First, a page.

The Scots word ‘clootie’ means ‘cloth’ and this term can also be found in use in the famous Scottish dessert, the ‘clootie dumpling’. The ‘cloots’ of the clootie well are scraps of cloth hung from trees surrounding a sacred well or spring. These sources of clean water have been places of healing for millennia, with ancient Celtic beliefs in spirits and nature being absorbed by the Christian church, and sprites and local gods replaced with saints.
Traditionally, the well would be visited at special times of the year, such as Beltane, the May Day festival of Spring, or when someone needed a cure for an illness. The well would draw people from across the local area, a social pilgrimage, each taking their turn to dip their cloth offering in the water and say a prayer, before affixing it to a tree or bush. Closely linked with good health, the pilgrims would hope for a good year ahead. Those afflicted with an illness or injury would wash an affected area with water from the well, then attach their cloth to the tree, the idea being that as it rotted and faded away so did their affliction.
The Clootie Well is mentioned by several historical writers and collectors of folklore and tradition. Writing in his 1869 Book of Days, Robert Chambers mentioned a well to the east of the current Munlochy site, called Craigach Well, in Avoch. He describes the scene on the first Sunday of May as ‘like a fair’, with English, Scots, and Gaelic all spoken as the pilgrims made their offerings, also noting that each person drank from the well. Thomas Pennant made two famous journeys around Scotland and in 1769 recorded that he saw many such places ‘tapestried with rags’.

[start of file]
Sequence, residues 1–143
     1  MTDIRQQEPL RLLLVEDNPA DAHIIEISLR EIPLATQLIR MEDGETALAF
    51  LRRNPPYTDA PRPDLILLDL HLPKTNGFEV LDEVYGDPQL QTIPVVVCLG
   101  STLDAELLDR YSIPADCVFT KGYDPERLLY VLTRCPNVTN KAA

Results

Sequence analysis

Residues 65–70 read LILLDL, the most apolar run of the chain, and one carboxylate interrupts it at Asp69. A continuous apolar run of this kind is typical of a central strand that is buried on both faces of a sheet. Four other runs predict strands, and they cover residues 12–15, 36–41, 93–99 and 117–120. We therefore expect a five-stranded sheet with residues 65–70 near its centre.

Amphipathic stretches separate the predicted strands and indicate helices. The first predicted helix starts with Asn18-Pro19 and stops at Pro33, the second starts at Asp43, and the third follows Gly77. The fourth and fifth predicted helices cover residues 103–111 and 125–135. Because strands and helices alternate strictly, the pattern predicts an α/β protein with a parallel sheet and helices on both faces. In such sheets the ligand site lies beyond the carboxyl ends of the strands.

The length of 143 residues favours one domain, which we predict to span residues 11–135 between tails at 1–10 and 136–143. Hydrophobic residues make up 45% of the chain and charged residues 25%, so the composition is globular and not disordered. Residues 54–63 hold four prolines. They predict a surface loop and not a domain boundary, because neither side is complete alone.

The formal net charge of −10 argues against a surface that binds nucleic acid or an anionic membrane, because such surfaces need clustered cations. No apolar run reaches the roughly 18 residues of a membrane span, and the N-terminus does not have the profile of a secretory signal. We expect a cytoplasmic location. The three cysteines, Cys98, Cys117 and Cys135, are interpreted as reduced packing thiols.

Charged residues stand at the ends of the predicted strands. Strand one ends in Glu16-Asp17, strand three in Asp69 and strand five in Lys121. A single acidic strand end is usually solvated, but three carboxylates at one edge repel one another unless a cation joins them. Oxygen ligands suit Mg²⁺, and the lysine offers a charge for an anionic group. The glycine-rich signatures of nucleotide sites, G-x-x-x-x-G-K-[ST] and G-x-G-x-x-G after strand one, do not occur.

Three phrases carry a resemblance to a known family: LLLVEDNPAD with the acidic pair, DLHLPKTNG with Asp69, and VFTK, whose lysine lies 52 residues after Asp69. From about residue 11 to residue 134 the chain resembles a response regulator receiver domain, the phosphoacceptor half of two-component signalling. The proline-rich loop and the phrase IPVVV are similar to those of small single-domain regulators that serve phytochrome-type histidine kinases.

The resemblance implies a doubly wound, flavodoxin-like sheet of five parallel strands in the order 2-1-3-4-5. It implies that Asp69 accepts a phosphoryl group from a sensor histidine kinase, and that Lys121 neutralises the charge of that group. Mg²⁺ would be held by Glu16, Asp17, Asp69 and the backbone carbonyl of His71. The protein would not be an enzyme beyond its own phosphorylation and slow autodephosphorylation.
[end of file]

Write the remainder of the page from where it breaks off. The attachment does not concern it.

Clootie wells are not just present in Scotland, however, with examples being known in Cornwall and Ireland. This suggests a Celtic Iron Age origin for the tradition, although there are other examples of trees decorated with ribbons and scraps of cloth – such as the Evenki people’s ‘Shaman trees’ far away in Siberia, or Tibetan prayer flags – perhaps suggesting an even earlier shared origin. People across the world still hang objects which carry meaning to them, a perfect example being the ‘love locks’ that until recently adorned the Pont des Arts in Paris – a modern phenomenon with echoes of older traditions.
In 1581, Scotland introduced an Act of Parliament which made pilgrimage to a holy well illegal, and the practice began to diminish. The wells to survive this ban were those reassociated with Christian saints, such as Saint Boniface Curitan at Munlochy, and the thousands of visitors to these surviving holy wells were of great financial benefit to both the local church and economy.
Another well, close to Inverness in Culloden Woods, was poignantly decorated with many coloured ribbons and rags when the 51st Highland Division was lost during the Dunkirk evacuations in 1940, demonstrating how an ancient practice still had meaning in recent times.
In today’s world, the predominance of synthetic non-biodegradable fibres, such as nylon, have meant that the cloots are no longer decaying as they once did. The ready availability of cheap clothing has also meant that the cloots are much larger than they traditionally were, with whole items of clothing and children’s toys being tied to the trees. As it is considered very bad luck to remove a cloot, these stay hanging, with the authorities reluctant to remove them.
If you do visit a clootie well, remember to bring your own rags or scraps of cloth to hang; the Forestry Commission recommends you only hang offerings made from wool or cotton.
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